33rd Karger Workshop in Evolutionary Neuroscience 2022
“Exaptation and the evolution of maladaptation”
Karger Workshop is a one day meeting in Evolutionary Neuroscience, sponsored by S. Karger AG occurs every year prior to the Society for neurosciences meeting. The Proceedings of the Workshop are published as a special issue of Brain, Behavior and Evolution, which is the Club’s official journal, published by S. Karger AG.
The following day, members of the J. B. Johnston Club give presentations of their work. These presentations focus on ideas, rather than data, and provocative discussion is encouraged. The Abstracts of these presentations are published in an issue of Brain, Behavior, and Evolution before the annual meeting.
Membership in the J. B. Johnston Club is open to any individual interested in comparative and evolutionary neurobiological research. Please see our Club Membership page for more information on the benefits of becoming a dues-paying member of the J. B. Johnston Club.
In this year's workshop we will have a diverse group of speakers. They will present their work within the theme of the workshop, some questions for the audience and a discussion will follow.
Dr. Helena Bilandzija
Dr. Bernard Crespi
Dr. Leonid Moroz
Dr. James Napoli
My research focuses on identifying molecular mechanisms underlying adaptive evolution in cave-dwelling animals. I have started my lab at Rudjer Boskovic Institute in Zagreb, Croatia in 2019, where I plan to use comparative evo-devo approaches to study the process of colonization and adaptation to cave environments.
The purpose of my research program is to use integrated genetic, ecological and phylogenetic approaches to study social evolution across all levels in the hierarchy of life, from genes, to cells, to organisms, to social systems, and to the brain.
Our laboratory characterizes basic mechanisms underlying the origins and parallel evolution of neural systems, circuits, and brain signaling mechanisms. The major questions are: (1) why are individual neurons so different from each other, (2) how do they maintain such precise connections between each other, (3) how does this fixed wiring result in such enormous neuronal plasticity
Extant and extinct Cenozoic squamates; vertebrate macroevolution; morphology of habitat specialists; phylogenetic systematics and speciation; CT scanning and 3D visualization of morphology.
Dr. Edgar T. Walters
A major driver of several forms of chronic pain is persistent hyperexcitability and spontaneous electrical activity of nociceptors. These lasting alterations represent a cellular memory of bodily injury that is likely to involve mechanisms that are also used in the brain to store more conventional memories. Our goals are to define the mechanisms that cause nociceptors to become persistently hyperexcitable, to assess the functional consequences of this hyperexcitability, and to find new molecular targets within nociceptors offering promise for the treatment of chronic pain.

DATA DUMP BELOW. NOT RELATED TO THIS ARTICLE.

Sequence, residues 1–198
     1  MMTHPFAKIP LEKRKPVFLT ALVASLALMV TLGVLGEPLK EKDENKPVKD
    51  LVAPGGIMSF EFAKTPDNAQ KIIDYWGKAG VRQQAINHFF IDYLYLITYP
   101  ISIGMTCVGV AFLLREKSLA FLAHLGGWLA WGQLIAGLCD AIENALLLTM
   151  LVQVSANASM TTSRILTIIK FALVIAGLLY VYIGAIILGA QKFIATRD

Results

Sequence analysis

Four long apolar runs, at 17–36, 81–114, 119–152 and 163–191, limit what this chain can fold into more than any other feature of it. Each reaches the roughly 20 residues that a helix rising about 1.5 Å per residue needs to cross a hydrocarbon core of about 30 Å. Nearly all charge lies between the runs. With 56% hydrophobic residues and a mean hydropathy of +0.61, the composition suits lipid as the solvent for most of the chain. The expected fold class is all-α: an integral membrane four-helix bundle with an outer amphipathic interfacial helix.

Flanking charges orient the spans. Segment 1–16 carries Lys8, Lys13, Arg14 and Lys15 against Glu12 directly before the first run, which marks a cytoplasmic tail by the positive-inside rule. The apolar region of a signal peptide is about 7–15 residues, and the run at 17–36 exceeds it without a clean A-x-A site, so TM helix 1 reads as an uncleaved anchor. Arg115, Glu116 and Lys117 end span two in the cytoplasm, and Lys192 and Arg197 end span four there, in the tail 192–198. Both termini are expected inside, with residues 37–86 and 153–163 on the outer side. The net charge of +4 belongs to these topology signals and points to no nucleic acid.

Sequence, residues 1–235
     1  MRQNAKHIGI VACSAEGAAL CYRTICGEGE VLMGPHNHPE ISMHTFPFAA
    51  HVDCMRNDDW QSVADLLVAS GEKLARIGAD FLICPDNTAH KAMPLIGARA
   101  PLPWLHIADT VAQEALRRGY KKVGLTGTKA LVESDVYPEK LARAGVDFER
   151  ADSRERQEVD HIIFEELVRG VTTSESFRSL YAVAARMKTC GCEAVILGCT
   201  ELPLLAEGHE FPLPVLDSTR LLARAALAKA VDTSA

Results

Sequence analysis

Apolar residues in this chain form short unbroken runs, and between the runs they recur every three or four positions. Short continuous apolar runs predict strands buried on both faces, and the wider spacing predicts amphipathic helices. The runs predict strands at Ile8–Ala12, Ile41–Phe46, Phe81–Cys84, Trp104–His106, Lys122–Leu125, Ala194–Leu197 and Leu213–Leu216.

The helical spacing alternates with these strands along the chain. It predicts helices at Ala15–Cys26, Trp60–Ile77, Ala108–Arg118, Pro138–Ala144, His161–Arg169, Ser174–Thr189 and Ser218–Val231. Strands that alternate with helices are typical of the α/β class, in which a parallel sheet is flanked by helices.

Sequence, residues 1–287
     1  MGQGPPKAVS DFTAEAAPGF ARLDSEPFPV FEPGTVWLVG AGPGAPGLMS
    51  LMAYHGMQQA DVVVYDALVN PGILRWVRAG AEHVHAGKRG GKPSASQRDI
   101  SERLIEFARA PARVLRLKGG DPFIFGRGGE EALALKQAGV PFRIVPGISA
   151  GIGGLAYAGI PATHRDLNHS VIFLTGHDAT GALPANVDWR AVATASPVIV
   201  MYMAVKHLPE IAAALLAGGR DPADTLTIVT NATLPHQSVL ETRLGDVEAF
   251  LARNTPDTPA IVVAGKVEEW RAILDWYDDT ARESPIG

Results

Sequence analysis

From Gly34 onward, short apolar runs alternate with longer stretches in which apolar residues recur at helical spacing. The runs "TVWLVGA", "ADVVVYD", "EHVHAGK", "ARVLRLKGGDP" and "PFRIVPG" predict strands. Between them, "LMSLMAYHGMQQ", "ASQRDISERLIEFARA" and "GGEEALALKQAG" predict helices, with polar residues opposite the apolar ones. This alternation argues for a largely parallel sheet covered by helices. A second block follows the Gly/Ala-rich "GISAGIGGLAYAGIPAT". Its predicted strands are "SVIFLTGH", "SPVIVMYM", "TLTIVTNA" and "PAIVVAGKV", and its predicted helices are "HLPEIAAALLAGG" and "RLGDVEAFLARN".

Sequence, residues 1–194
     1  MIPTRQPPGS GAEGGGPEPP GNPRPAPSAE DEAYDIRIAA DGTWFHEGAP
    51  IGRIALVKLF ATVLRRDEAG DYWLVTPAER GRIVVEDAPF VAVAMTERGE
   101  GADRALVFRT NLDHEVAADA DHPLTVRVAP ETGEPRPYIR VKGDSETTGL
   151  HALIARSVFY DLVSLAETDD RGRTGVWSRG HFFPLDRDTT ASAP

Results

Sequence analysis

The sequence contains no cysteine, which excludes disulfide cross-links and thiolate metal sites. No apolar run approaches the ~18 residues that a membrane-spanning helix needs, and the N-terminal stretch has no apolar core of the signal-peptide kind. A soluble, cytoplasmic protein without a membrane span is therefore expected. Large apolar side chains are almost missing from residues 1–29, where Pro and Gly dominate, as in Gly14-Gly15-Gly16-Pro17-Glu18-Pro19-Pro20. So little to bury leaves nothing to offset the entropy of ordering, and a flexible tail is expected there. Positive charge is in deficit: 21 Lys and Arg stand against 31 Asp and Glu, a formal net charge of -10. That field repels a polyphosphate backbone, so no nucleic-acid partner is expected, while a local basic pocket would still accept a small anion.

Dr. Molly Womack
Using field- and lab-work, my research program compares trait morphology and function among species to better understand how diversity develops, how diversity evolves, and why it matters. My research spans neurophysiology, genomics, morphology, and phylogenetic comparative methods, making it complementary with a number of labs in the USU biology department and a bridge for departmental collaboration. Employing these interdisciplinary methods, I pair the wealth of available information in museum collections with novel data acquired from the field to answer foundation questions regarding drivers and limits of morphological evolution and sensory adaptation.
Dr. Kari Hanson
My research explores human brain evolution from the perspective of examining interspecific variation in neuroanatomy in extant humans and non-human primates on one hand, and intraspecific variation targeting extraordinary variations of the human mind from the perspective of neurodiversity in autism spectrum disorders and Williams syndrome on the other. Kari's ongoing projects in the include characterization of the molecular, cellular, and morphological brain phenotypes underlying Williams syndrome’s unique hypersociality, and applying machine learning-based approaches to parsing differences between (and genetic contributions to) morphology in human and chimpanzee brains.
Dr. Paul Frankland
What is the contribution of new neurons to hippocampal memory function. In particular we are interested in how new neurons regulate clearance of memories from the hippocampus (or forgetting). How are remote memories organized in the cortex, and what the molecular and cellular events that underlie their consolidation? How do neurons become allocated to a memory trace and how can we manipulate their activity to understand memory?